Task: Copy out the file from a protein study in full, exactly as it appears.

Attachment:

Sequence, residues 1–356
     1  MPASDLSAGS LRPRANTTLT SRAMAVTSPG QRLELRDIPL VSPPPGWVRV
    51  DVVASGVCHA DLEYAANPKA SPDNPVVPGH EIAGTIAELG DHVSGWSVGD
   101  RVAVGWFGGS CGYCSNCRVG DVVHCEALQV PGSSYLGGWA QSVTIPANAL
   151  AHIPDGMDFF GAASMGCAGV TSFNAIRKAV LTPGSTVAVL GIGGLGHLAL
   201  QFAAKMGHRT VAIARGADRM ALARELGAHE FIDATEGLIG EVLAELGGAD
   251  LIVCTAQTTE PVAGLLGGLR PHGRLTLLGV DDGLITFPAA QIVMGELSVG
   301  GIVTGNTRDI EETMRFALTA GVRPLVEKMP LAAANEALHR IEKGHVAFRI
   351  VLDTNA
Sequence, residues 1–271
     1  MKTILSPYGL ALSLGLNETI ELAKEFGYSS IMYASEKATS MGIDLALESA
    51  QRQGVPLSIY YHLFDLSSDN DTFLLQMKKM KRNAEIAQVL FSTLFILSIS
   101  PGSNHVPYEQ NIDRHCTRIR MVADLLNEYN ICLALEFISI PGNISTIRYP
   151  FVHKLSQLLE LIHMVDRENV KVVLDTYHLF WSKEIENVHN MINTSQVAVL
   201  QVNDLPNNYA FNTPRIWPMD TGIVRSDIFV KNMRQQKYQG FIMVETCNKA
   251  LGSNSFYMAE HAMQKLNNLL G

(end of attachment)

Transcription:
Sequence, residues 1–356
     1  MPASDLSAGS LRPRANTTLT SRAMAVTSPG QRLELRDIPL VSPPPGWVRV
    51  DVVASGVCHA DLEYAANPKA SPDNPVVPGH EIAGTIAELG DHVSGWSVGD
   101  RVAVGWFGGS CGYCSNCRVG DVVHCEALQV PGSSYLGGWA QSVTIPANAL
   151  AHIPDGMDFF GAASMGCAGV TSFNAIRKAV LTPGSTVAVL GIGGLGHLAL
   201  QFAAKMGHRT VAIARGADRM ALARELGAHE FIDATEGLIG EVLAELGGAD
   251  LIVCTAQTTE PVAGLLGGLR PHGRLTLLGV DDGLITFPAA QIVMGELSVG
   301  GIVTGNTRDI EETMRFALTA GVRPLVEKMP LAAANEALHR IEKGHVAFRI
   351  VLDTNA
Sequence, residues 1–271
     1  MKTILSPYGL ALSLGLNETI ELAKEFGYSS IMYASEKATS MGIDLALESA
    51  QRQGVPLSIY YHLFDLSSDN DTFLLQMKKM KRNAEIAQVL FSTLFILSIS
   101  PGSNHVPYEQ NIDRHCTRIR MVADLLNEYN ICLALEFISI PGNISTIRYP
   151  FVHKLSQLLE LIHMVDRENV KVVLDTYHLF WSKEIENVHN MINTSQVAVL
   201  QVNDLPNNYA FNTPRIWPMD TGIVRSDIFV KNMRQQKYQG FIMVETCNKA
   251  LGSNSFYMAE HAMQKLNNLL G